By Madeline Marshall
Capital News Service
WASHINGTON - With the primary election three months away, the Democratic candidates in the 6th District Congressional race have been raising and spending big bucks, proving just how competitive the Republican-held district has become after redistricting.
State Sen. Rob Garagiola, D-Montgomery, ended 2011 with $323,000 cash in hand after receiving 318 contributions from individuals, 77 percent from Maryland residents, according to year-end Federal Election Commission reports filed this week.
Wealthy entrepreneur John Delaney has been the largest spender in the Democratic primary, spending more than four times as much as his rivals combined, with $118,000 of his own money.
He spent $18,800 on polling and $12,700 on research before he even announced his candidacy in January.
"Why not? Having access to those kinds of resources can only help you," said political science professor Michael Cain of the Center for the Study of Democracy at St. Mary's College of Maryland.
After goading from Garagiola to release his tax forms, Delaney issued a statement saying he makes an average of $14.5 million annually.
Delaney has focused his spending on media with $15,000 for his website, $9,000 for video services and more than $44,000 for his staff, who are all independent contractors.
"John is committed to being the next representative," said Delaney's campaign manager Max Cummings.
Garagiola focused on fundraising, spending $6,000 on consulting, $3,000 on his website and $2,000 on campaign materials.
"Running against John Delaney, we believe he's going to buy the race so we have to work very hard on fundraising to make sure our message is clear," said Garagiola's campaign manager Sean Rankin.
While Delaney and Garagiola see themselves as the two contenders, candidate Dr. Milad Pooran has surprised the field with $102,000 cash on hand after raising $68,000 in individual contributions.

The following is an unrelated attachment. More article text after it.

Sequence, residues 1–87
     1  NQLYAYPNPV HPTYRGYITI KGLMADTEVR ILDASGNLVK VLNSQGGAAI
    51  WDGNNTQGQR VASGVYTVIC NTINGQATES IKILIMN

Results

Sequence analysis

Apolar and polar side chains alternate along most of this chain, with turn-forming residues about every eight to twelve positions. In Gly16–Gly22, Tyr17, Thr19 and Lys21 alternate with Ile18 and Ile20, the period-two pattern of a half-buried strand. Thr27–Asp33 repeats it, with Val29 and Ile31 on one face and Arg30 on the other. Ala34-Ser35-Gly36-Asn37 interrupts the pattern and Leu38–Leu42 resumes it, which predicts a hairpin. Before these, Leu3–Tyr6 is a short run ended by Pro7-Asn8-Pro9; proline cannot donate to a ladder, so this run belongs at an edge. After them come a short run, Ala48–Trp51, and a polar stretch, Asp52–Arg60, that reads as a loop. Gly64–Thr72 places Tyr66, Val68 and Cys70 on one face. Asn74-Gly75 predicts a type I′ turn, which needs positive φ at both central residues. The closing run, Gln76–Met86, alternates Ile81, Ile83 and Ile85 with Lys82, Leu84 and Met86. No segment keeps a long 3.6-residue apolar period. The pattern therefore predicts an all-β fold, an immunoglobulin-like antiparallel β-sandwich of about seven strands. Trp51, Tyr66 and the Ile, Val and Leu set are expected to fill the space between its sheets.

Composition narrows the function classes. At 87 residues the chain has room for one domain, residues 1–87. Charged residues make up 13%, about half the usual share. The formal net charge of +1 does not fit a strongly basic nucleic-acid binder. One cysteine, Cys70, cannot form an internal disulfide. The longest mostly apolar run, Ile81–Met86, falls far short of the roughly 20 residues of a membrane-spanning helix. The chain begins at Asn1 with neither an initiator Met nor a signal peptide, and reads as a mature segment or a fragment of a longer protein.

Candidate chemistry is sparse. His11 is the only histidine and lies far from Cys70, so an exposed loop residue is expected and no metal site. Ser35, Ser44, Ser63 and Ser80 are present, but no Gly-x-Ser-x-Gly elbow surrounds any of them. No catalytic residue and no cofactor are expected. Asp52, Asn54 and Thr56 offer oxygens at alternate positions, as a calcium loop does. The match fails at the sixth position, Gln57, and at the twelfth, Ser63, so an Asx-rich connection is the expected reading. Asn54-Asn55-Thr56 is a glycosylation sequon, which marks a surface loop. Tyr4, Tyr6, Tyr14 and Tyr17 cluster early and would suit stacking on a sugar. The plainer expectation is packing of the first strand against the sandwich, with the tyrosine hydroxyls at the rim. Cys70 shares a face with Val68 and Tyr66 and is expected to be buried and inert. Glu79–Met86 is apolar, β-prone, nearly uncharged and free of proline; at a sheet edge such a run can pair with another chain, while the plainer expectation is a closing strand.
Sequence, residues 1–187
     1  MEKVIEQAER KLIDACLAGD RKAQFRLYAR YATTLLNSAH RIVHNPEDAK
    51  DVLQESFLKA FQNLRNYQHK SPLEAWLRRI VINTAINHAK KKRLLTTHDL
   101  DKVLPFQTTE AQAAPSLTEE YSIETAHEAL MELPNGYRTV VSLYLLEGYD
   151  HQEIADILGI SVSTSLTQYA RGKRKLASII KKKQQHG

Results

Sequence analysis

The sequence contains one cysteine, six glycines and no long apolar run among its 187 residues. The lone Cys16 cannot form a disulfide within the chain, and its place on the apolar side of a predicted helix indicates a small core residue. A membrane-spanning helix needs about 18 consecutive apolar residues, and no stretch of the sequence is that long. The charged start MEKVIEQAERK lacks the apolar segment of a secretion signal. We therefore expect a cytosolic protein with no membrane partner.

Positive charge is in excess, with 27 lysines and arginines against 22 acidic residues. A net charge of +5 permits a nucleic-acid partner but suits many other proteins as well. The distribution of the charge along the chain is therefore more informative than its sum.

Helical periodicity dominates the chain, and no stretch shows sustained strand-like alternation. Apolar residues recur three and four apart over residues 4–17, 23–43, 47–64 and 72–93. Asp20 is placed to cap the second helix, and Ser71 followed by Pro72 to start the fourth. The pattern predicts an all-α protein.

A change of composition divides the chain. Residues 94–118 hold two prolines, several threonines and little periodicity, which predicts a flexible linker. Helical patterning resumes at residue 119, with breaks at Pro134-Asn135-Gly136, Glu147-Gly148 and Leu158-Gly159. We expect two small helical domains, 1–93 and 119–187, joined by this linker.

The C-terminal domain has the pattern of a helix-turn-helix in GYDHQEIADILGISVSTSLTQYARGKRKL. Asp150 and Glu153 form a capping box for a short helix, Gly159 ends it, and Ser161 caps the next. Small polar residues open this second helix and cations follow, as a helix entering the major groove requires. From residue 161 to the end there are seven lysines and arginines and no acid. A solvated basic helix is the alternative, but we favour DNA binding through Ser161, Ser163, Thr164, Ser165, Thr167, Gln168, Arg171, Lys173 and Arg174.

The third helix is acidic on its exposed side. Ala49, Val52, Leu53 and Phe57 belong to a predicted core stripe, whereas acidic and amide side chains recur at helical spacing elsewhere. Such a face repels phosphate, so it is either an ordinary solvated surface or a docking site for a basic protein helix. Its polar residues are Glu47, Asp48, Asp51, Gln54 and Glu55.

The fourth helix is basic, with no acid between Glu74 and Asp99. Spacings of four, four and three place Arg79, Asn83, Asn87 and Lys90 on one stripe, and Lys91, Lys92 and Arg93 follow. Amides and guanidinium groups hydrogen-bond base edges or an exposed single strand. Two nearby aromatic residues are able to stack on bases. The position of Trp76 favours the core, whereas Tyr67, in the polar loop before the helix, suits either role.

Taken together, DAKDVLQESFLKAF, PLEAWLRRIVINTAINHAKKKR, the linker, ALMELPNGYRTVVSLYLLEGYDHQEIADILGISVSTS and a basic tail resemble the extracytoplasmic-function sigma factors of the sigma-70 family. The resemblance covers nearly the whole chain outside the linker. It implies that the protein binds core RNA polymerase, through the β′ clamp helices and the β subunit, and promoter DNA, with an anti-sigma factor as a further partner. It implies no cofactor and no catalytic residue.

"What it basically shows is that this is a three-person race between Garagiola, Delaney, and us," Pooran's campaign manager Walter Ludwig said. "We have the resources to compete."
Other Democrats in the field have not reported any significant fundraising.
The candidates are attempting to unseat Rep. Roscoe Bartlett, R-Frederick, who finished December with $342,000 cash on hand. That is consistent with the 10-term congressman's cash on hand this time last election cycle, but he has never had so much competition.
After a controversial redistricting, the 6th District now includes parts of Democratic-leaning Montgomery County. Fourteen candidates are vying for Bartlett's seat making both the primary and general election a nationally-followed race.
In January, the Democratic Congressional Campaign Committee put the 6th District on its "Red to Blue" program, which offers Democratic campaigns financial and strategic support in races where Republicans are vulnerable.
The National Republican Congressional Committee also put the 6th District on its Patriot Program, which provides fundraising support to Republican incumbents.
"There's potential for either party to pick it up, so there's a lot of jockeying," said Cain.
Republican campaign fillings are so far incomplete.